On the Tuesday night of February 19th 70 people came together from all the boroughs in New York City for dinner and conference to explore ways they could support each other's work and grow a movement. In the aftermath of the devastating Hurricane Sandy they named the event “Growing a Resilient City: possibilities for collaboration in NYC’s Solidarity Economy.”
The event was the culmination of SolidrityNYC’s Deep Listening Project (DLP). SolNYC is a collective of volunteer organizers, artists, academics, and community members who seek to support, promote, and connect NYC’s Solidarity Economy (SE). Beginning in June of last year members of the Collective fanned out across the whole city to interview and record the thoughts and feelings of 38 leaders in NYC’s SE. Cheyenna Weber, who is the director of Coalition Building and Campaigns for the New Economics Institute, served as project director.
With a team of 11 volunteers, they then transcribed all of these interviews. Working with researchers Olivia Geiger of the University of Massachusetts, Amherst and Evan Casper-Flutterman of Rutgers University, the team then studied, processed, and digested all of the information they had gathered into a formal report: Growing a Resilient City: Collaboration in New York City’s Solidarity Economy .
After dinner, catered by the worker co-op I Love Food, and introductions, the 60 participants and 10 SolidarityNYC staffers broke into seven small groups, each discussing one aspect featured in the report. Those interviewed through the DLP had essentially identified four major areas for collaboration:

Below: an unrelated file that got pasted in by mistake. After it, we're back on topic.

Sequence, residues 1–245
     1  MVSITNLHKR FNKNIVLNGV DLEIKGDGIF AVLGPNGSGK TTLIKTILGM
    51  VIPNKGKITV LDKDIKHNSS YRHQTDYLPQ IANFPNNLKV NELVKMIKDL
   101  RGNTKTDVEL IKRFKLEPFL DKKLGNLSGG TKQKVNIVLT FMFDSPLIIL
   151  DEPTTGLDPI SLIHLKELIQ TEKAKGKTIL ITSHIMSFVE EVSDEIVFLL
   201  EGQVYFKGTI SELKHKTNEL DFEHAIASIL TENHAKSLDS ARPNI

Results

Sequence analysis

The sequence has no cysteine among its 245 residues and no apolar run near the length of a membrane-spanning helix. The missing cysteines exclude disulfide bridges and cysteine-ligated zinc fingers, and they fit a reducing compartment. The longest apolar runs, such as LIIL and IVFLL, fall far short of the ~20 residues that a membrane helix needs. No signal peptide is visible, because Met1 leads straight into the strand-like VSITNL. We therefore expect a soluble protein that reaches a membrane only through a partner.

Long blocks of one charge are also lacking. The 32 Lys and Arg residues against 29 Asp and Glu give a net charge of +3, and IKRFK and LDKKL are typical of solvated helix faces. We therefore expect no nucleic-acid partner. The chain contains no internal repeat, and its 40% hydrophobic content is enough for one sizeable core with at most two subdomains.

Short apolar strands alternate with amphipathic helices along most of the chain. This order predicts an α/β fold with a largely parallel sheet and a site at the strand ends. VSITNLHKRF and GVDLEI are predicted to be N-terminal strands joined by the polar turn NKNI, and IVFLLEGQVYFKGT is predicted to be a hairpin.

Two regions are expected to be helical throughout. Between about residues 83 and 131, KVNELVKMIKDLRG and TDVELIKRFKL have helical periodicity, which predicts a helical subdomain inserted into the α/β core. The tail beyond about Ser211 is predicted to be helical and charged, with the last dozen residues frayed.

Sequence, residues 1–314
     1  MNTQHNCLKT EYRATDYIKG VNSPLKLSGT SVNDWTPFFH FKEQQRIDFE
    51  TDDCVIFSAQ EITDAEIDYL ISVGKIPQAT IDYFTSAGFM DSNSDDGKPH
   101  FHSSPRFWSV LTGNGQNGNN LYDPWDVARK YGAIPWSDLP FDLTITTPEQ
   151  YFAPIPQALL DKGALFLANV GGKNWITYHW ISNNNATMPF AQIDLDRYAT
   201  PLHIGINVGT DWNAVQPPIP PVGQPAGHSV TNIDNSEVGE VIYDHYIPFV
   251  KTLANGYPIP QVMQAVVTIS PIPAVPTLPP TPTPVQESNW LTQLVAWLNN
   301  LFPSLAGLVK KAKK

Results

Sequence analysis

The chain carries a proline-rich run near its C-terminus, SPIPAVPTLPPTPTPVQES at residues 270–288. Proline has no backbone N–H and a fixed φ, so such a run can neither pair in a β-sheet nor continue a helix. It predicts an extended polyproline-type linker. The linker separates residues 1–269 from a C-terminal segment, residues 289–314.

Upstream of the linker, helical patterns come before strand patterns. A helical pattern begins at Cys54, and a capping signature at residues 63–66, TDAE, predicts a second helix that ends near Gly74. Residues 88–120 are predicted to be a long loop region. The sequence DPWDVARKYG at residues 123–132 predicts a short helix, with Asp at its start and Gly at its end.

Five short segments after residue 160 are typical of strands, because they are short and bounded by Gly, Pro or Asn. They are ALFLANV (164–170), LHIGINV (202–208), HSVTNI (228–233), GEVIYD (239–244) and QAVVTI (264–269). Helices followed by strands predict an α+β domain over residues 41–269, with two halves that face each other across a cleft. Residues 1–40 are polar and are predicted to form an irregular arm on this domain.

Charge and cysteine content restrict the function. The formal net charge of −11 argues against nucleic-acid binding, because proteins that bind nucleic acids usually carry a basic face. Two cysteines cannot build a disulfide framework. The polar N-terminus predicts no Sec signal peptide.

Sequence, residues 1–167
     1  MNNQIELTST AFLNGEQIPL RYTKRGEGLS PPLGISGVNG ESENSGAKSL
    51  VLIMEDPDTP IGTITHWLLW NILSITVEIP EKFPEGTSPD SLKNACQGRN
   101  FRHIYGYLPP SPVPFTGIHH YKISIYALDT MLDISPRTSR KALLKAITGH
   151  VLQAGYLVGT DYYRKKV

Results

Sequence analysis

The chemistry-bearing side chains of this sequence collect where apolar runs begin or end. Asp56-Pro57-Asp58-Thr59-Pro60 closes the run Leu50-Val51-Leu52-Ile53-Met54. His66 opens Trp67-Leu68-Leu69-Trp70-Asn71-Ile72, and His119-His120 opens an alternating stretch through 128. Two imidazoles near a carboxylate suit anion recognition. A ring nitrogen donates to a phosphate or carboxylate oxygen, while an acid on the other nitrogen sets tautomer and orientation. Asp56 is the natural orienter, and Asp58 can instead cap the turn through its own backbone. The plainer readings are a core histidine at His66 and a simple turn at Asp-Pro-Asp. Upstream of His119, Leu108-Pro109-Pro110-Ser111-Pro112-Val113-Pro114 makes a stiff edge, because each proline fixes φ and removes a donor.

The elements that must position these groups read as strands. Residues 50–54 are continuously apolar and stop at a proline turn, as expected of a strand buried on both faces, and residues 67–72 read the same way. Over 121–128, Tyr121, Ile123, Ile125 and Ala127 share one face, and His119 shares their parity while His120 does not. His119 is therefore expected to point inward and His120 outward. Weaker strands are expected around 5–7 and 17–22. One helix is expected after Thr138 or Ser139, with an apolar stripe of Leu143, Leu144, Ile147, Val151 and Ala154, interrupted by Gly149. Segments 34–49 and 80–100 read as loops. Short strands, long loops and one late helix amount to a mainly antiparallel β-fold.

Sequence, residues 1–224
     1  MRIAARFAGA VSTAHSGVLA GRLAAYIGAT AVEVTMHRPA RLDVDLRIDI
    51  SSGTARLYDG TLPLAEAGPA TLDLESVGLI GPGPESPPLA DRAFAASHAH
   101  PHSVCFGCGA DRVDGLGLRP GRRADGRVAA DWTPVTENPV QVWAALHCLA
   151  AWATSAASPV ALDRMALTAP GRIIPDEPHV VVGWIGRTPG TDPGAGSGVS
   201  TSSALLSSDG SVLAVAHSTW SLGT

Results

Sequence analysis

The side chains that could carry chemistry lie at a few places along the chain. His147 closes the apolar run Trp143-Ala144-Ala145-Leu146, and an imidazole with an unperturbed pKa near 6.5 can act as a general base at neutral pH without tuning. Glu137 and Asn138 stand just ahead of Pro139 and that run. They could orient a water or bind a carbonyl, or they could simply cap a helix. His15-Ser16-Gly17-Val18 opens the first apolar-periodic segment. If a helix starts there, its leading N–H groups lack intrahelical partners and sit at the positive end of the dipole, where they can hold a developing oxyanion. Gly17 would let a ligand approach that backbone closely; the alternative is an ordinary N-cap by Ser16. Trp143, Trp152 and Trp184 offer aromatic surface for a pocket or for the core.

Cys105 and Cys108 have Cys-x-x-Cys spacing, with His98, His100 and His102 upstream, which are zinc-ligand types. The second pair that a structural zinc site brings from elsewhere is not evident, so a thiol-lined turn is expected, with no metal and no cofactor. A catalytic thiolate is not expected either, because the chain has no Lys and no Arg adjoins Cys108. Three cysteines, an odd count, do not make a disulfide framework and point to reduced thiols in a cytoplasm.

· Building visibility
· Strengthening our organizations
· Building economic power
· Building political power.
Participants at the event chose to focus on either one of these primary areas or on a sub-area of them. Those most interested in Training, Skill Sharing, and Capacity Building formed two groups, as did those interested in Building Political Power. Others chose to focus on one of the following topics: Space Sharing and Collaborative Administration, Collaborative Financing and Funding, and Resources Needed for Movement Building.
After an hour of discussing everyone re-grouped as a whole. Each group gave its reportback on the outcomes of their respective discussions. Two groups—“Training and Capacity Building” and “Collaborative Financing”—decided on the spot to become ongoing working groups. Before bringing the event to a close a strong consensus emerged to meet again as a whole group in three months.
Niral Shahl of NYU Law School helped Collective members with the facilitation of small group discussions. Kenneth Eudusei of SolidarityNYC and Ben Fuller-Coogins of NYU’s Wagner Institute were floor managers for the event.
(A list of all the organizations represented at the resilient event is at the end of this article.)
In the introduction to the evening there was also discussion of the use of the term “solidarity economy” and its framework. Many solidarity economy practices are framed as “the commons,” “the sharing economy, ” “collaborative consumption, “alternative economy,” “cooperative economy,” “green economy,” “resilient economy,” or the new economy.”
Annie McShiras, a Collective member who also works as the Development Director at the Responsible Endowments Coalition, explained why SolNYC tends toward “solidarity economy: